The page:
>from DRAMs) allow a cell to retains its high 'full well capacity' even
    >as the footprint of the cell is reduced. Then outside the sensor, there
    >has been progress in lower noise amplifiers and A/Ds.
    >
    >If camera senseor technology moves forward at the same rate semiconductor
    >technology moves forward, one can expect 10 MP at 1.6 crop in 2 to 2.5
    >years, and 14 MP at 1.6 crop by the end of the decade.


    That's all fine, but then why doesn't the more advanced 2/3" CCD of the
    8MP prosumer cameras have less noise than the 1/1.8" CCD of 5MP prosumer
    cameras ?

    Cell size is almost the same (2.8 micrometer for the 5MP CCD, 2.7 for
    the 8MP one). But a test shows that the 8MP CCD has slightly higher
    noise levels - the 8MP CCD has at ISO 50 the same noise as the 5MP CCD
    at ISO 64. Or do you suggest that there has been only progress in the
    CMOS area, but none in the CCD area ?
    --

    Alfred Molon
    ------------------------------
    http://groups.yahoo.com/group/Olympus_405080/
    Olympus 5060 resource - http://www.molon.de/5060.html
    Olympus 8080 resource - http://www.molon.de/8080.html
     
    Alfred Molon, Aug 20, 2004
    #17
  18. des

    leo Guest

    "Alfred Molon" <> wrote in message
    news:...
    > Mitch Alsup <> wrote:
    >
    >>Technology moves forward. For example, is the 2 years since the 6.3 MP
    >>with 1.6 crop was introduced, CMOS technology has advance to the point
    >>where the transistors associated with each cell are now only 1/2 as big
    >>as they used to be. In addition a resent Canon patent application shows
    >>using 3 transistors for 2 cells whereas the previous sensor cell had two
    >>transistors per sensor. Other advancements in semiconductors (borrowed
    >>from DRAMs) allow a cell to retains its high 'full well capacity' even
    >>as the footprint of the cell is reduced. Then outside the sensor, there
    >>has been progress in lower noise amplifiers and A/Ds.
    >>
    >>If camera senseor technology moves forward at the same rate semiconductor
    >>technology moves forward, one can expect 10 MP at 1.6 crop in 2 to 2.5
    >>years, and 14 MP at 1.6 crop by the end of the decade.

    >
    > That's all fine, but then why doesn't the more advanced 2/3" CCD of the
    > 8MP prosumer cameras have less noise than the 1/1.8" CCD of 5MP prosumer
    > cameras ?
    >
    > Cell size is almost the same (2.8 micrometer for the 5MP CCD, 2.7 for
    > the 8MP one). But a test shows that the 8MP CCD has slightly higher
    > noise levels - the 8MP CCD has at ISO 50 the same noise as the 5MP CCD
    > at ISO 64. Or do you suggest that there has been only progress in the
    > CMOS area, but none in the CCD area ?
    > --
    >
    > Alfred Molon
    > ------------------------------
    > http://groups.yahoo.com/group/Olympus_405080/
    > Olympus 5060 resource - http://www.molon.de/5060.html
    > Olympus 8080 resource - http://www.molon.de/8080.html



    The CMOS has circuitry next to each sensor cell so there are room to improve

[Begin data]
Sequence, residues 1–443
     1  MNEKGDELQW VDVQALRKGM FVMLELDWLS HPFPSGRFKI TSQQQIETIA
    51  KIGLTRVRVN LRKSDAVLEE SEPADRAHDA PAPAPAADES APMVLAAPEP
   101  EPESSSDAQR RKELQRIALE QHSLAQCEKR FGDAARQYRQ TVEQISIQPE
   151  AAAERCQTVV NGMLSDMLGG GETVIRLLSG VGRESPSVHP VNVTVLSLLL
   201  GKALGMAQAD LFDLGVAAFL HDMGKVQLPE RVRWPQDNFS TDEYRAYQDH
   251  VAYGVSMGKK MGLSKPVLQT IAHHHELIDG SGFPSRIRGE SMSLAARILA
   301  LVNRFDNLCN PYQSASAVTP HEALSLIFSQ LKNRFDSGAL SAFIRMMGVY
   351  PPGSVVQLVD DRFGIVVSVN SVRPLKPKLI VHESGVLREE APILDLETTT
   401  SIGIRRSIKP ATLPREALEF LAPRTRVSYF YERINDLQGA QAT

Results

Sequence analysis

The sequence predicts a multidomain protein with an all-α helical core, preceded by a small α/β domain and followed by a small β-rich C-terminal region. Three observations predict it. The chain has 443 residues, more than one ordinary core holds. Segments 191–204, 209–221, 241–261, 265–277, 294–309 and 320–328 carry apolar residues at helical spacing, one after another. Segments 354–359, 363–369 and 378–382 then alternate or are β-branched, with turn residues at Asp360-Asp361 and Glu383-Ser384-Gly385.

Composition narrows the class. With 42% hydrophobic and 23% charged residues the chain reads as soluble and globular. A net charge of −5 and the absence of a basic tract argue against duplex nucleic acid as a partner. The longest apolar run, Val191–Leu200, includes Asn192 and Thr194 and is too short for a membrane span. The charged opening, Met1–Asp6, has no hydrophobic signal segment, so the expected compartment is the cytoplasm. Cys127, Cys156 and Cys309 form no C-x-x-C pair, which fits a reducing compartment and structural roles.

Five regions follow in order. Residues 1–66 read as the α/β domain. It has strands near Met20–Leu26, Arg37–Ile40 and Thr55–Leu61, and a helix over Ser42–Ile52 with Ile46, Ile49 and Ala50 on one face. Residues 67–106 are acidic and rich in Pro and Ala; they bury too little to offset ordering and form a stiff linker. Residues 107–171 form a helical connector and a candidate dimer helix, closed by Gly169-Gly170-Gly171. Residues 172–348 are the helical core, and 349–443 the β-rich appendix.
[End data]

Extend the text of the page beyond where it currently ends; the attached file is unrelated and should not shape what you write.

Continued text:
in this regard, shrinking the size of the electronic components, using
    better micromirror etc. Still, there's a limit. Let's see what's the optimal
    pitch size for CMOS sensors.
     
    leo, Aug 20, 2004
    #18
  19. des

    jpc Guest


    >
    >Technology moves forward. For example, is the 2 years since the 6.3 MP
    >with 1.6 crop was introduced, CMOS technology has advance to the point
    >where the transistors associated with each cell are now only 1/2 as big
    >as they used to be. In addition a resent Canon patent application shows
    >using 3 transistors for 2 cells whereas the previous sensor cell had two
    >transistors per sensor. Other advancements in semiconductors (borrowed
    >from DRAMs) allow a cell to retains its high 'full well capacity' even
    >as the footprint of the cell is reduced. Then outside the sensor, there
    >has been progress in lower noise amplifiers and A/Ds.
    >

    Do you have a patent number and a site where I could download a copy
    of the patent application. TIA

    jpc
     
    jpc, Aug 21, 2004
    #19
  20. des

    Bruce Murphy Guest

    (Mitch Alsup) writes:

    > If camera senseor technology moves forward at the same rate semiconductor
    > technology moves forward, one can expect 10 MP at 1.6 crop in 2 to 2.5
    > years, and 14 MP at 1.6 crop by the end of the decade.


    But it's not going to. What people fail to grasp is that the rate of
    development you can get out of near-analogue sensors with many many
    levels is not going to follow the rate of development of digital
    on/off memory devices.

    Physical limits are looming a lot larger right now for imaging sensors
    than they are for binary processing devices. Don't forget, also, that
    the development in process technology that you've seen improve other
    electronic devices over the last two decades has already been applied
    to current sensors.

    B>
     
    Bruce Murphy, Aug 21, 2004
    #20